Overview of Graduate Group and Graduate Students

Psychology Graduate Group

The Psychology Graduate Group offers a full-time Ph.D. program with curricular and research opportunities in a broad range of areas, including: sensation and perception, cognition, language, learning, memory, motivation, psychopathology, judgments and decisions, and social processes.  Biological, cultural, developmental, experimental, mathematical, and neuroscience approaches to these areas are used in teaching and research. The Graduate Group has an APA accredited clinical psychology PhD program, the purpose of which is to train research investigators, rather than training practicing clinicians. The Graduate Group includes 75 faculty and 50 graduate students.  IIt is one of the most distinguished groups of its kind in the world. The Psychology Department and Graduate Group function as a unit. The Psychology Department does not have “area groups”; rather, students and faculty are free to define their fields of interest. These fields often combine two or more of the traditional subfields of psychology, or a subfield of psychology and some other discipline.


Graduate Student Profile

Students are selected for admission who show evidence of a high level of intellectual talent, a strong interest in psychology, and a commitment to scholarship and research.  We can accommodate about eight new graduate students each year.  Admissions decisions take into account many factors, including the clarity of the candidate's personal statement, its appropriateness to this program, evidence of research experience and accomplishment, letters of recommendation, test scores, grades, and selection of course work that is relevant to the student's plans. An outstanding record in one of these areas may compensate for poorer performance in another area.  In general, we look for students who are likely to become passionately committed to some intellectual or scientific problem or problems. Students are typically admitted to work with a specific advisor, although a small number of students opt to rotate through two or three labs in the first year before settling in one.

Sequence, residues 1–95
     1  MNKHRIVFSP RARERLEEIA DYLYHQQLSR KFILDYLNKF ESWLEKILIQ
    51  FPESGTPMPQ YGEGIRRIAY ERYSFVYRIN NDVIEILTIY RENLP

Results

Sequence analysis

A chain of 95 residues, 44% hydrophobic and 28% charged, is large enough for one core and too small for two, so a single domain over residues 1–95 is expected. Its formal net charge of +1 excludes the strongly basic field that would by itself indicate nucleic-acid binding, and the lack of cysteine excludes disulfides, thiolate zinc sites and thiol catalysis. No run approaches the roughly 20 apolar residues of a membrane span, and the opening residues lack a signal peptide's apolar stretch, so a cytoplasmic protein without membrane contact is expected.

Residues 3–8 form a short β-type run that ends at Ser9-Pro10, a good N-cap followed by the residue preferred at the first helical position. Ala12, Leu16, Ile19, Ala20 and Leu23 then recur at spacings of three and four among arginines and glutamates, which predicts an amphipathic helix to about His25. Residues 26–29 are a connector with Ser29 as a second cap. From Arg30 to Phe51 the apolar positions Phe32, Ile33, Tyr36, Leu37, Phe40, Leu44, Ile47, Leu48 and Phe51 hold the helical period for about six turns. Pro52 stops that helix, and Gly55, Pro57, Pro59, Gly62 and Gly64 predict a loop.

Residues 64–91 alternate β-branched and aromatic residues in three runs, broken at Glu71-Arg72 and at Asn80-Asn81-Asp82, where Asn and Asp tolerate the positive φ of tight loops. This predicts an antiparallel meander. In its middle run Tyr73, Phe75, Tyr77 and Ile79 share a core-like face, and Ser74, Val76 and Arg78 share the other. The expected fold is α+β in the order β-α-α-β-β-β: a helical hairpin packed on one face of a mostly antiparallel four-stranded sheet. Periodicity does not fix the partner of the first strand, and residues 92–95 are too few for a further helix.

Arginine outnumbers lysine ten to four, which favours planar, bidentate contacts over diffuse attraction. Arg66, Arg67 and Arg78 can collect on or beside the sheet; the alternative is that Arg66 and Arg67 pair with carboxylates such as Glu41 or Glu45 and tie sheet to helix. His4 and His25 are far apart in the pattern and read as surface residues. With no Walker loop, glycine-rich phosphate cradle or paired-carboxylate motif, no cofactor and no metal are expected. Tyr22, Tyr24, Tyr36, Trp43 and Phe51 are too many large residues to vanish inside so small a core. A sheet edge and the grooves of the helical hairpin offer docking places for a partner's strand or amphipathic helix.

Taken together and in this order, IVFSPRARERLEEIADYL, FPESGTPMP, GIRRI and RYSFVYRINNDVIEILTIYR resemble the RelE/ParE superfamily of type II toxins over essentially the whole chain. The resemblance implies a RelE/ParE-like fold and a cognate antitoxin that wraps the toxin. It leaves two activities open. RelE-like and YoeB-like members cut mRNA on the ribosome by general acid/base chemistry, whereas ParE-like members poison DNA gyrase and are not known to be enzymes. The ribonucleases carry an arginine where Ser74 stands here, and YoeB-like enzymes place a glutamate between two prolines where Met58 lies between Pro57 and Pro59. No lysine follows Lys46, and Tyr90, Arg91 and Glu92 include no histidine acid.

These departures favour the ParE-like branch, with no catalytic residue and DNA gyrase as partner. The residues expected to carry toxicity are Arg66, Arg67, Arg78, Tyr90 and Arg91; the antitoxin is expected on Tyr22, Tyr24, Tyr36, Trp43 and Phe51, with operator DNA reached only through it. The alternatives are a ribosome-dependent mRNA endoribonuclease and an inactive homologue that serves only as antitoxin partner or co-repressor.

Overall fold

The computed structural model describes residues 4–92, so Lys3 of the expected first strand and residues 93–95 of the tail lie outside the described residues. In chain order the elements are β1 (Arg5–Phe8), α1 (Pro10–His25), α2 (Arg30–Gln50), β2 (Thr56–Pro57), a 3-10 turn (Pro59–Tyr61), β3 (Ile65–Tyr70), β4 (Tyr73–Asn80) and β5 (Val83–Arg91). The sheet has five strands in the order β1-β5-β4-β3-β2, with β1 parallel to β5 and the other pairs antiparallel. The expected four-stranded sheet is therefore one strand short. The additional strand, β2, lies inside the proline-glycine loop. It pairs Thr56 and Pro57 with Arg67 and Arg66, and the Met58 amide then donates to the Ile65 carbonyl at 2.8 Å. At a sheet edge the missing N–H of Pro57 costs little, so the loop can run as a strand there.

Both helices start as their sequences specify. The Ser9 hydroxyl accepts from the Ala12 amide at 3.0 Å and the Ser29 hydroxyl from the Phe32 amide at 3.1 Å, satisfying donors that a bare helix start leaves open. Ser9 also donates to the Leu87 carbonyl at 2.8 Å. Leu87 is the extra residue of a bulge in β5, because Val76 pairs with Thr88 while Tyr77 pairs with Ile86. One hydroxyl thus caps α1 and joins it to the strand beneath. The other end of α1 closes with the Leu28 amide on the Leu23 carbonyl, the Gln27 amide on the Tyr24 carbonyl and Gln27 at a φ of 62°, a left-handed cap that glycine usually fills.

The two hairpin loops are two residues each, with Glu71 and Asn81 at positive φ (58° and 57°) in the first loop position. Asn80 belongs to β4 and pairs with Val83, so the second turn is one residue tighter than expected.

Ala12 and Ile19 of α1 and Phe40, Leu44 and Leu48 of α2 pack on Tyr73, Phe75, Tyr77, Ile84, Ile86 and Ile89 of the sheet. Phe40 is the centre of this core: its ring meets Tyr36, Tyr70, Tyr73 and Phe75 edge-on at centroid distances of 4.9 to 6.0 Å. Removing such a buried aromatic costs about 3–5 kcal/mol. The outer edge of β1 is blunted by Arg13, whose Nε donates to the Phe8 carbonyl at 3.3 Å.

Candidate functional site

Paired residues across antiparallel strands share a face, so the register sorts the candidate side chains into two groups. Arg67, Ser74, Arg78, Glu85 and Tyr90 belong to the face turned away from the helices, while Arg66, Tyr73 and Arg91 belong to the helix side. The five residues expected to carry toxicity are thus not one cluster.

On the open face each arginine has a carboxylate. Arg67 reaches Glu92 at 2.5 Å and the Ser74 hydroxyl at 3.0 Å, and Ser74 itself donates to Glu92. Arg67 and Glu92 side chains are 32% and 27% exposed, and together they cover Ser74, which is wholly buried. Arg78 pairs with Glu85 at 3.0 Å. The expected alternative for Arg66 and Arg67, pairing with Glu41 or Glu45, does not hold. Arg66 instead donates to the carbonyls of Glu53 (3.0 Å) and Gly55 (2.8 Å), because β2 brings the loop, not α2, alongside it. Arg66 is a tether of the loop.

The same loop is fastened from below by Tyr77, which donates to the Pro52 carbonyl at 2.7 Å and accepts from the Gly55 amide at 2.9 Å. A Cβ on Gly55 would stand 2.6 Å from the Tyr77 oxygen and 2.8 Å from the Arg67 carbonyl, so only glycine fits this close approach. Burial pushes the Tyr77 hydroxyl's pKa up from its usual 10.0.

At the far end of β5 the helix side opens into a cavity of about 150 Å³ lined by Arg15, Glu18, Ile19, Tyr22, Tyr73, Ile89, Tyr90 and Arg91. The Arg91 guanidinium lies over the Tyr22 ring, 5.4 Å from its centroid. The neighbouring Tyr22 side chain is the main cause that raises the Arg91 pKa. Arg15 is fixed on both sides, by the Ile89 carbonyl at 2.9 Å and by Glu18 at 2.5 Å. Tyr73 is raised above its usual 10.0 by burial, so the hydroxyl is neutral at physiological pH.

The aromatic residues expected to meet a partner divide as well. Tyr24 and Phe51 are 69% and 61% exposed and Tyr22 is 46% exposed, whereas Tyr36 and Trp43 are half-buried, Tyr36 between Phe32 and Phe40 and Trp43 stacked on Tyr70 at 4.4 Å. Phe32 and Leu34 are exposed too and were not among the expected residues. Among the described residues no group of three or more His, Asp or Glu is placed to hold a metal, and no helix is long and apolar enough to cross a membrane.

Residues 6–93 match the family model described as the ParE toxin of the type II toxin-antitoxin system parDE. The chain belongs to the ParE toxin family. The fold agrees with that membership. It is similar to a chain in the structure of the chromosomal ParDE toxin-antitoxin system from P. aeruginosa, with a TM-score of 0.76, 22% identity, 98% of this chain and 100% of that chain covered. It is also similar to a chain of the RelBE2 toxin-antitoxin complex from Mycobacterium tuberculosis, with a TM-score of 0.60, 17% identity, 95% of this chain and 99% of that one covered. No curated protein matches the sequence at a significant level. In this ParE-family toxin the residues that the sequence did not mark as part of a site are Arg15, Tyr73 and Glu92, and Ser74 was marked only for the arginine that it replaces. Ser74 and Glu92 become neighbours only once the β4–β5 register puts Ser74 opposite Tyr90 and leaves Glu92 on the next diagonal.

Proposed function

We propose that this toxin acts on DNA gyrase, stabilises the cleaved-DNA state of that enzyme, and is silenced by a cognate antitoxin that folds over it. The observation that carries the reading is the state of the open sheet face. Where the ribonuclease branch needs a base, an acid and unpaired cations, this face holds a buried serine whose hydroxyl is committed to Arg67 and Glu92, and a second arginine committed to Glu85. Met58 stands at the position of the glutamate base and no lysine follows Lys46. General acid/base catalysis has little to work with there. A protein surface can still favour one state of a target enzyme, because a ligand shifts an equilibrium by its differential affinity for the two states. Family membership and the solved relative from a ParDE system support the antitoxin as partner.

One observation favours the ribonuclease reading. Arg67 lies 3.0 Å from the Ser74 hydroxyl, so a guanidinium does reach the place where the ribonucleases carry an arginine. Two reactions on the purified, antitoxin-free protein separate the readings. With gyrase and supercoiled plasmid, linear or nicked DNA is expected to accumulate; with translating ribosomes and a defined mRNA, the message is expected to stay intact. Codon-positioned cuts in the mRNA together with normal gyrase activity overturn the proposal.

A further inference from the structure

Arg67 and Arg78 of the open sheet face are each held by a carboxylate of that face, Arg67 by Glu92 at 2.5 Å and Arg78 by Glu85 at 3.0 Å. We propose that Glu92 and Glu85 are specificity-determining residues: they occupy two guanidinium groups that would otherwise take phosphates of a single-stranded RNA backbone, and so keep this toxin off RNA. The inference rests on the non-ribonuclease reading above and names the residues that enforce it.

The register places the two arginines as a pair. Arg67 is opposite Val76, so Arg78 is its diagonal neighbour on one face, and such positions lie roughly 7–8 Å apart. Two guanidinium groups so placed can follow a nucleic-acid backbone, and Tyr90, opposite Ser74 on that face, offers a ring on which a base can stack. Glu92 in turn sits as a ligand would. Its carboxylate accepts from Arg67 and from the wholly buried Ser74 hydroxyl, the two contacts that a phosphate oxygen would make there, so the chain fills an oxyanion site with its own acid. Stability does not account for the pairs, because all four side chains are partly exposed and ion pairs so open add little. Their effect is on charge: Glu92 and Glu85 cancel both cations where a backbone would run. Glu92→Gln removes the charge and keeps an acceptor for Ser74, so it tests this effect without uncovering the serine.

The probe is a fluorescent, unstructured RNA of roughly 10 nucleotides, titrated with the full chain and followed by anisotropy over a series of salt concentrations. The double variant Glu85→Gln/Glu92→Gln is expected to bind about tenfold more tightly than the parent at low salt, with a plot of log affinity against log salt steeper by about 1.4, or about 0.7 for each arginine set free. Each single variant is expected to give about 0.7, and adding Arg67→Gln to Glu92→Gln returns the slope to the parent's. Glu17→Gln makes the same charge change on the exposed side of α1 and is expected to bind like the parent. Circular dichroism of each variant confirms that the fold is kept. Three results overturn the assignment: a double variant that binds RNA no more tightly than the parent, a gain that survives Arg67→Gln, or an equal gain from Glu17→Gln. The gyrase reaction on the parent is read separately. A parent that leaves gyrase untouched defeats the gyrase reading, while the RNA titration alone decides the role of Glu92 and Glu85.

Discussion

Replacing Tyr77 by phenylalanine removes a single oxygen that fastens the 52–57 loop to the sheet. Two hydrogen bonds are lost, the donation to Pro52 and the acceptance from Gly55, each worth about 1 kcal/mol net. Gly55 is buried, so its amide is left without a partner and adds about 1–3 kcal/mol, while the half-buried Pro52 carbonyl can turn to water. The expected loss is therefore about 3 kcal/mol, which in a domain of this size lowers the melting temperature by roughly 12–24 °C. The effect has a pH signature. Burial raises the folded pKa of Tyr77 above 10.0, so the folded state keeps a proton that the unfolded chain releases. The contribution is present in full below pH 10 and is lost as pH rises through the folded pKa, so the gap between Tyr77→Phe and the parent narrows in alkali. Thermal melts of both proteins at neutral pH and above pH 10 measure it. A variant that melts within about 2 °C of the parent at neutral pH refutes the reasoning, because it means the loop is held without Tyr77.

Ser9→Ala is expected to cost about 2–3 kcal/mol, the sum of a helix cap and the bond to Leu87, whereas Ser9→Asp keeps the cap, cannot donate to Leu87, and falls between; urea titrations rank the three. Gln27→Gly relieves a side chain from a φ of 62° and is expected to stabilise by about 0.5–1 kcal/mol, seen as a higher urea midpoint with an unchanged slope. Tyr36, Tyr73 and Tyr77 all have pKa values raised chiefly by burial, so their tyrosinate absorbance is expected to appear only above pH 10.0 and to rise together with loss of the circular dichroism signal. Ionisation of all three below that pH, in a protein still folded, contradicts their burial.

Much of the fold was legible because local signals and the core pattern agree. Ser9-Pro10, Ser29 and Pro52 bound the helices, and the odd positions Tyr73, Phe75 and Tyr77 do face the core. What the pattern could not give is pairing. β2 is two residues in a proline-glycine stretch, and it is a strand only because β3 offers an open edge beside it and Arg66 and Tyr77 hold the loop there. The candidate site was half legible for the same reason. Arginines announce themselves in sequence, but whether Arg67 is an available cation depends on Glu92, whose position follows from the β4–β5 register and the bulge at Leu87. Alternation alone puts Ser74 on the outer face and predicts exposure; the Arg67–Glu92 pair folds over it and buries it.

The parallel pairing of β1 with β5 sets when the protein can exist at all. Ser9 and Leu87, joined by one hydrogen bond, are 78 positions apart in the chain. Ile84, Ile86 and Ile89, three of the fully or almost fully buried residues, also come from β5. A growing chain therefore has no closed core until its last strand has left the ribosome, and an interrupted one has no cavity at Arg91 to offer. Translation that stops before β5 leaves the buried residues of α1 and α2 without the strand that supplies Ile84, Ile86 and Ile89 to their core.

The median time to completion in our program was 5.7 years for the most recent three-year period (although this figure includes the 6th year of full-time clinical internship that students on the clinical track are required to do). Most graduates of our PhD program have secured positions as tenure-track faculty or research scientists. For those who graduated between 2008-2012, 67% were in academia five years after completing the PhD, 22% were in for-profit jobs, 7% were in not-for-profit jobs, and the remainder were employed by the government. The types of positions included tenured or tenure-track (41%), non-tenure track (11%), post-doctoral (15%), science-related (22%), and other (11%). 


Interdisciplinary Training

We have strong connections with other disciplines at the University and we are committed to interdisciplinary training. Our members play pivotal roles in two of the most important interdisciplinary areas on campus, the cognitive sciences and the neurosciences, both of which have been fostered by the Department as a matter of policy. Our faculty direct MindCORE (Mind Center for Outreach, Research, and Education), the Social and Behavioral Sciences Initiative, the Computational Neuroscience Initiative, and the Center for Neuroscience and Society. They are also involved in a range of other interdisciplinary initiatives and centers, including (among others) the Behavior Change for Good Initiative and the Field Center for Children’s Policy, Practice, and Research.

Although there are no formal sub-areas, faculty in the department conduct research in a number of overlapping Areas of Interest.

Details about the program can be found in the Graduate Manual.